The week of Feb. 13, Wellesley College hosted Love Data Week 2023, which consisted of eight events. Daria Hafner, research and instruction librarian, and Jillian Amaral, science librarian, were the main organizers of this event.
The purpose of this event series was to spread awareness about data and data use across disciplines. Amaral was involved with this event at a former institution and wanted to bring it to Wellesley.
“[Last year] we decided to start very modestly with interactive events on the white board in the library … the goal was always to have a week where we could celebrate the use and understanding and how data really crosses disciplines,” Amaral said.
On Feb. 13, there was a community science workshop held by Professor Elizabeth Minor from the anthropology department. Hafner highlighted Minor’s discussion on her research and how to use community science in various projects.
“She spoke about her research, her fieldwork, and how to use community science in projects,” Hafner said.
On Feb. 14, there were open houses in the Book Arts Lab at Clapp Library. Students were taught how to use the letterpress and were able to print historical maps of the campus.
On Feb. 15, there was a data visualization workshop led by Professor Alden Griffith and Professor Jeremy Wilmer from the environmental sciences and psychology departments respectively.
“They both have applications that they teach their students to use that they have actually created from the ground up to make data visualization more accessible to people,” Hafner said.
Feb. 16 included two events. The first was a Geographic Information System (GIS) workshop led by Tracy Tien, the GIS and data instructional technologist at LTS. Students took the historical maps that were printed during Tuesday’s event and learned how to georeference them. The second event of the day was the Thesis Lightning Talks event, where thesis students had three minutes to present their thesis topics to an audience.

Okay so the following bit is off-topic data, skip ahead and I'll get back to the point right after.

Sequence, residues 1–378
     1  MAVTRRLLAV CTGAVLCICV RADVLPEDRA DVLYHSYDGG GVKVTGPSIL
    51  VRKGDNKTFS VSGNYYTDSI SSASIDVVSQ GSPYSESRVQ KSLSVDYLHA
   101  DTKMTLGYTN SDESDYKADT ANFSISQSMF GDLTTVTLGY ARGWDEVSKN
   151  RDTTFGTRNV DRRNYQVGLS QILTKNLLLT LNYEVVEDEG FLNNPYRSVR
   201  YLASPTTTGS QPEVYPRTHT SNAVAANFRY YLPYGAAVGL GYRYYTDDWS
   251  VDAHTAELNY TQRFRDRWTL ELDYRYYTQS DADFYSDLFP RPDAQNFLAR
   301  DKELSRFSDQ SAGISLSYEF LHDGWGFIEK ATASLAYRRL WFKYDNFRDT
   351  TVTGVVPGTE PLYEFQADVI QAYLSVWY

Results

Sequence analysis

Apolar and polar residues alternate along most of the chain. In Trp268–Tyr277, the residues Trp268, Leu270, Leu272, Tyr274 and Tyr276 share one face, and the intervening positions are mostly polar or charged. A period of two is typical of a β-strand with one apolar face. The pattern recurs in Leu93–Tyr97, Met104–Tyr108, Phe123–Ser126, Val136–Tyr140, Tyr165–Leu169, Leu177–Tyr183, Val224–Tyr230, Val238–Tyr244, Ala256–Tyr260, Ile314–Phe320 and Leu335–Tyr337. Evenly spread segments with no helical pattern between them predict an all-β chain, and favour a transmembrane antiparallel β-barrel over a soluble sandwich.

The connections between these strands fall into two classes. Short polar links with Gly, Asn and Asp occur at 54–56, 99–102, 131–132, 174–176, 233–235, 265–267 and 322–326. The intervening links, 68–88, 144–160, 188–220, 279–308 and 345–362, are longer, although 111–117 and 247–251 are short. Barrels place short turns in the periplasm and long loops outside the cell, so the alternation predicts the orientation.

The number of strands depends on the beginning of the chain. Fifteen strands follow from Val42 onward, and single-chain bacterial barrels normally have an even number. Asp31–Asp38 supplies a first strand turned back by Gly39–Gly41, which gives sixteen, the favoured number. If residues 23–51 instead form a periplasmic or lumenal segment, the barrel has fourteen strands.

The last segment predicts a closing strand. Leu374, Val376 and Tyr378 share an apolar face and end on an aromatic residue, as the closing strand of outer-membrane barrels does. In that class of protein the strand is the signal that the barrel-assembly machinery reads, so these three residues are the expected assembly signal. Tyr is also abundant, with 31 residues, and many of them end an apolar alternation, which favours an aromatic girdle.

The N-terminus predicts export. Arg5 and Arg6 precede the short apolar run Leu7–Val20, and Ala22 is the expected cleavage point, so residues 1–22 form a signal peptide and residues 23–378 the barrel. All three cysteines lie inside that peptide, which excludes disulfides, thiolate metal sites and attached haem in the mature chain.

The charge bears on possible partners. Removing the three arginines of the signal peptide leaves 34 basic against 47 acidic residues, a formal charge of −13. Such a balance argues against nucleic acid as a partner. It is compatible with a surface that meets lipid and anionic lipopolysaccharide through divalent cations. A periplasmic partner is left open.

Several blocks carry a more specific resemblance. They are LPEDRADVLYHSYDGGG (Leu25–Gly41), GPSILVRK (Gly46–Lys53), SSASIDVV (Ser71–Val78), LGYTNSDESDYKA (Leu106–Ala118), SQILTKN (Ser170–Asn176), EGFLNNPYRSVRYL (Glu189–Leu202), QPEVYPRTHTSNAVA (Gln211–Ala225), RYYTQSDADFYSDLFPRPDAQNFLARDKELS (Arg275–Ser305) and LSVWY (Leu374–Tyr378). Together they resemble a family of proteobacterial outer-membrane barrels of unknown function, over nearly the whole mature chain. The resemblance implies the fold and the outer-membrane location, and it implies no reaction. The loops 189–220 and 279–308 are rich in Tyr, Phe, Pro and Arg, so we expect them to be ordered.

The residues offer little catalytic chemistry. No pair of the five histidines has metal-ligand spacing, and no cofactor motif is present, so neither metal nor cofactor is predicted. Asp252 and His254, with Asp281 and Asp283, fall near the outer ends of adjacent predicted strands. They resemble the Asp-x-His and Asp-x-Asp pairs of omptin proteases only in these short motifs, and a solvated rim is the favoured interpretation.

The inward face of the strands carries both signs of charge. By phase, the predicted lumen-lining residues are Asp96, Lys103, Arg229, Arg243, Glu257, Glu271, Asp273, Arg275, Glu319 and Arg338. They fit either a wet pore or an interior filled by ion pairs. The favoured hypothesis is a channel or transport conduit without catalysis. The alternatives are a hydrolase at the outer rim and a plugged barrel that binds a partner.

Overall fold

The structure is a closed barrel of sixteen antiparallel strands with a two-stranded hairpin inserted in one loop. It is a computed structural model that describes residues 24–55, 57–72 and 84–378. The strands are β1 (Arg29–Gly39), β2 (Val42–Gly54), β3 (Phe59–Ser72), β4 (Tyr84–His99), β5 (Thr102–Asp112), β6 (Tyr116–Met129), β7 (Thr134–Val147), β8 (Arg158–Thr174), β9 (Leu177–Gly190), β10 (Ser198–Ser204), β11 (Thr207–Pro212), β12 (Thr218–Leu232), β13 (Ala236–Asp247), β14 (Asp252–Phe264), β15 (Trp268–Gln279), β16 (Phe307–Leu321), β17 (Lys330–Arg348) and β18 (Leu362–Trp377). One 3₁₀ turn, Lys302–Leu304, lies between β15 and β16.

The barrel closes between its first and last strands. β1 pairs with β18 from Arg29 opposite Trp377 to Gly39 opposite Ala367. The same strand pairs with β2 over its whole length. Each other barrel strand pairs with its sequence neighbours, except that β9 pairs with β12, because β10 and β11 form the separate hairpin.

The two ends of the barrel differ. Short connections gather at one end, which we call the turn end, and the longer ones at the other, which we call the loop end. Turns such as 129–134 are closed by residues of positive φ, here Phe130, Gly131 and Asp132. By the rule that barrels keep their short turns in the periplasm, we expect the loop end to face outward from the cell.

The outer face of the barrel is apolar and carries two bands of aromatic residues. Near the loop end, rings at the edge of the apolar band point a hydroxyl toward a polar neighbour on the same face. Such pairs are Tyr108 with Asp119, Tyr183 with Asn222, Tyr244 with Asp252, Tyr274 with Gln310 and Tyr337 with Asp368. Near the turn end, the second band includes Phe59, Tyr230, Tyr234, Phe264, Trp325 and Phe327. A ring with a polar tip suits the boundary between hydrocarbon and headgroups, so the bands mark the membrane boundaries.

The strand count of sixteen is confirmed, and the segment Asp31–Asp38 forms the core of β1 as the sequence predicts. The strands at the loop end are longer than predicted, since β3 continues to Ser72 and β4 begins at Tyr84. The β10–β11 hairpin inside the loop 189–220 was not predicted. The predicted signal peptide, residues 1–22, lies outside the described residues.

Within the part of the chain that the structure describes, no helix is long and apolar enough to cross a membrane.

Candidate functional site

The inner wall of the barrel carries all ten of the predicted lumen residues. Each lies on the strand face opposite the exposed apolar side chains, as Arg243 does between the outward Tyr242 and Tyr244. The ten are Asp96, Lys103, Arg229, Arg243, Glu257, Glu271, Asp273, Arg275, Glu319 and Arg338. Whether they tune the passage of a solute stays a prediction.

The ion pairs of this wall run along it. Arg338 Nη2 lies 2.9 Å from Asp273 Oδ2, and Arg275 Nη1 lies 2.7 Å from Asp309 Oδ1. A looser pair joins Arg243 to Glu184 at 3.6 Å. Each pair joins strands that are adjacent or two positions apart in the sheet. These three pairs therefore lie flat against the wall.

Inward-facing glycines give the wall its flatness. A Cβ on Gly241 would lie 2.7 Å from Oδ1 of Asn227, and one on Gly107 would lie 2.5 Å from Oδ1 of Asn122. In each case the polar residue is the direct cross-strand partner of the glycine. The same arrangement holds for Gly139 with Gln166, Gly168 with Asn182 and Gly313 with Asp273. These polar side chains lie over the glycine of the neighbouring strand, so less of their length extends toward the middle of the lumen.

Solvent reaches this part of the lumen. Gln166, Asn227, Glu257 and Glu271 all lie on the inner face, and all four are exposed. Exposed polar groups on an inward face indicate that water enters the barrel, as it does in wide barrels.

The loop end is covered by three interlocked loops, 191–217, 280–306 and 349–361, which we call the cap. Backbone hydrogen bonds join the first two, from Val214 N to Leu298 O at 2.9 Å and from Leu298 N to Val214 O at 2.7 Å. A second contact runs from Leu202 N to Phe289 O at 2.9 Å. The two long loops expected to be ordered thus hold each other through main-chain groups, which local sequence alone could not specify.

Feb. 17 brought the highly attended event titled ChatGPT and Higher Education. It was hosted by Carolyn Anderson, assistant professor of computer science, in conversation with four faculty panelists from across a variety of disciplines including arts, writing, cinema and media studies, and philosophy. The event focused on the rise of artificial intelligence softwares like ChatGPT and issues of socio-cultural bias, factual grounding, and ethical safeguards. The question most commonly raised by students was about the faculty’s response to these new technologies and their impact on student learning and assessment.
Panelist Professor Julie Walsh of the philosophy department stated, “tools like ChatGPT are going to interface with [different] disciplines in different ways … and each of us on the panel has a different outlook on the drawbacks and possible advantages of it.”
Walsh emphasized that interdepartmental events like this are essential to “intellectual growth” and “giving students the opportunity to watch [faculty] be vulnerable.” She added that during these events, professors can also talk and learn about things they may not know everything about.
Amaral said that it was an incredibly positive experience to be able to work with people across departments and disciplines.
“LTS and both faculty and staff across campus are so collaborative that it was just interesting and fun to learn from each other and work together on such an exciting group of programs. It is so much fun to work with the students, both as presenters and as attendees. The students here ask such informed questions that led to such great secondary conversations that were maybe not part of our original assumptions of how the conversation will go,” Amaral said.
Hafner and Amaral hope to make Love Data Week an annual event.